Friday, July 18, 2008

Batman: The Dark Knight, in IMAX

I went and saw the new Batman film today, and not just in any theater. A couple friends of mine carpooled up to Atlanta to see the new film in the Mall of Georgia's IMAX theater. While other movies, such as Superman and Matrix, have gone to Imax, very few are actually filmed in the IMAX format. Batman: The Dark Knight, features several scenes that were shot in the IMAX format. On the basis of just being a geek, that was reason enough to see the film.

The big question is then, was The Dark Knight worth going to see? Is it a good film? I'm not sure how to answer those questions. I find myself siding with PvP's Scott Kurtz in that the movie was extremely over-hyped. In my view, the only product line I could come up with that featured more hype is anything that is branded Microsoft Halo. I knew from the start that the film would never be able to live up to the impossible expectations of the product. Posthumous Oscar for Heath Ledger? Unlikely. Academy Awards for technical presentation? Unlikely.

As a movie, The Dark Knight almost qualifies as a horror film. Heath Ledgers portrayal as the Joker was in my view, the creepiest thing I ever watched... even down to a medically accurate human response to various injuries. As I walked down the stairs out of the theater, I stated out loud that I was glad that Heath Ledger couldn't do that portrayal again. Remember that bit that I wrote about Hellboy? The whole wanting a level of fantasy in my flicks?

Possibly the worst part of the film is that the film focus's on the Joker, actually far more than it focus's on Batman. Yes, Batman does a lot of cool stuff, and we get to know the Batman even better, but where as Batman Begins was all about The Batman, The Dark Knight pushes Batman to the side. Looking back, the film has far too many stars and stories to work in, with plot lines following the Joker, Batman, Commissioner Gordon, Two Face Harvey Dent, and Rachael, never minding the appearances of Lucius Fox and Alfred.

One of the questions posed is whether or not the film was cut to focus on Heath Ledgers performance because he was dead, or was The Joker planned to have such a larger part to begin with? A clear answer may never be forthcoming.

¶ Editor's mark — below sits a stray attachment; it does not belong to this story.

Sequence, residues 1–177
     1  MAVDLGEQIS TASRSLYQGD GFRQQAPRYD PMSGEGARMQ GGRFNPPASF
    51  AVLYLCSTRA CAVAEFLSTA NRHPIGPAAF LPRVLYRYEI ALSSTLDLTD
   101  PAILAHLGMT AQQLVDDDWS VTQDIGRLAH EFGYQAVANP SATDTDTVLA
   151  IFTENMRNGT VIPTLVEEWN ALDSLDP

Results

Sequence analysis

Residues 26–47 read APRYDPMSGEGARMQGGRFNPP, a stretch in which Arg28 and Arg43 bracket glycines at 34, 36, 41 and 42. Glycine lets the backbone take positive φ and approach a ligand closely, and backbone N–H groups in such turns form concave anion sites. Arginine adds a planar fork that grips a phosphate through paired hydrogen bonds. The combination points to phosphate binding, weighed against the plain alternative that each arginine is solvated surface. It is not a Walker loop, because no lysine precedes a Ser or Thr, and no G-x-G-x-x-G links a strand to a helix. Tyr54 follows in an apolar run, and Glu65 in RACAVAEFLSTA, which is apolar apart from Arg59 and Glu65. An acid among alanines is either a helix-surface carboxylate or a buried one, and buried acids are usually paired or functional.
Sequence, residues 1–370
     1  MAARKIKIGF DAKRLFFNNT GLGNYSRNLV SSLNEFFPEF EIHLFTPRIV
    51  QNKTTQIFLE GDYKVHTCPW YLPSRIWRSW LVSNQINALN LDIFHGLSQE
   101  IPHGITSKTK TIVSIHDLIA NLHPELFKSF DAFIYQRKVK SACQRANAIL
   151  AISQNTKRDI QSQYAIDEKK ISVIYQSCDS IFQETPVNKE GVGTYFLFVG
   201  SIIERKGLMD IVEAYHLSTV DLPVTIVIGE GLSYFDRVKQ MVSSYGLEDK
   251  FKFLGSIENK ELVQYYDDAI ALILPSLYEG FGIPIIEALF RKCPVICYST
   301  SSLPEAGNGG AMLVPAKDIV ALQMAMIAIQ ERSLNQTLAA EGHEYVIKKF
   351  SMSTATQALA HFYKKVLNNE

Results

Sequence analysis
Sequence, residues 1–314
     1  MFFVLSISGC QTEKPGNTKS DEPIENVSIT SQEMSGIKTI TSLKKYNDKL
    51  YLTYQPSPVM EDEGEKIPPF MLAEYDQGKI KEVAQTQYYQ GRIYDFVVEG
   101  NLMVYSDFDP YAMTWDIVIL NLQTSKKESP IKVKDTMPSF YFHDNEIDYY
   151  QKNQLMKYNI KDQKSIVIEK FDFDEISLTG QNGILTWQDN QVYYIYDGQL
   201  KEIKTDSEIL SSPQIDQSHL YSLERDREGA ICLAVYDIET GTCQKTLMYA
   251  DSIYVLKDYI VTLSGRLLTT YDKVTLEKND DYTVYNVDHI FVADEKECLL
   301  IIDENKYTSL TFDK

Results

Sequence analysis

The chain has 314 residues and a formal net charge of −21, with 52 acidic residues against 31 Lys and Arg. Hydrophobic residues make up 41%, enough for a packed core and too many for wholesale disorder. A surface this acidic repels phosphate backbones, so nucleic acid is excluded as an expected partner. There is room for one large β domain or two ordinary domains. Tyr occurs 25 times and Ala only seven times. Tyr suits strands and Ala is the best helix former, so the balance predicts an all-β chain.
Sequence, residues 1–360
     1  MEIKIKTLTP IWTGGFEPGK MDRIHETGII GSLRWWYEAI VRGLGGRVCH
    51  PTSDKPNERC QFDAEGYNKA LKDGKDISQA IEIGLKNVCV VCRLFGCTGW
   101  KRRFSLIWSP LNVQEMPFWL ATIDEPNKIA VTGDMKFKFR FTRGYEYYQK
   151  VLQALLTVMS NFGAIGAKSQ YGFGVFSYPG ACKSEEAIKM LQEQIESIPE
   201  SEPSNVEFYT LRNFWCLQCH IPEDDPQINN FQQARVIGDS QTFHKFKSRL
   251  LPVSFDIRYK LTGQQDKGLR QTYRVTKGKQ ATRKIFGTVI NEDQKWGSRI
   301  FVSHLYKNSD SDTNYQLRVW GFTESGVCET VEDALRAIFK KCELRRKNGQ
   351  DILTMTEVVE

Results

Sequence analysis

That being said, the film wasn't bad. In fact, I'd almost say it would be an insult to call it good. The cinematography and pacing where just right where all of the plotlines were easy to keep track of. There were the expected plot twists, then there were legitimate surprises. There were moments where the film successfully managed to lead people's expectations down the wrong path, and there were moments in which the bad guys actually won. As a film, the production was almost flawless.

As a movie, as a story?

I put it this way on the way home from Atlanta. Batman Begins was Ocarina of Time. The Dark Knight was Majora's Mask. When people remember Zelda on the Nintendo 64 platform, the game that stands out is Ocarina of Time. While Majora's Mask improved on many of the technical points of the gameplay, it doesn't hold up as well in the memories of gamers, partly because it was so convoluted, and partly because it just wasn't as good in ways that are hard to put into the words. It didn't do anything wrong, the entire game as a whole just didn't leave the same impression. One of the hard to define factors with Majora's Mask is that the game wasn't about Link's story. The game was about Link's story in addition to the story of the Goron's and the Zora's. The game wasn't Link's adventure. The game was about the adventures of those in the world, and how Link became a part of the other stories.

The Dark Knight is technically better than Batman Begins. The complexity of the story, and the delivery though, just doesn't work as well. The movie isn't about Batman. It's about how The Joker interferes with the police form, the justice system, and Batman, just for kicks. There's no motive, there's no point to the Joker. He's just, there, and he just, does.

For myself then, I wish that the next Batman Film will spend more time being about Batman, than being about the enemies of Batman.

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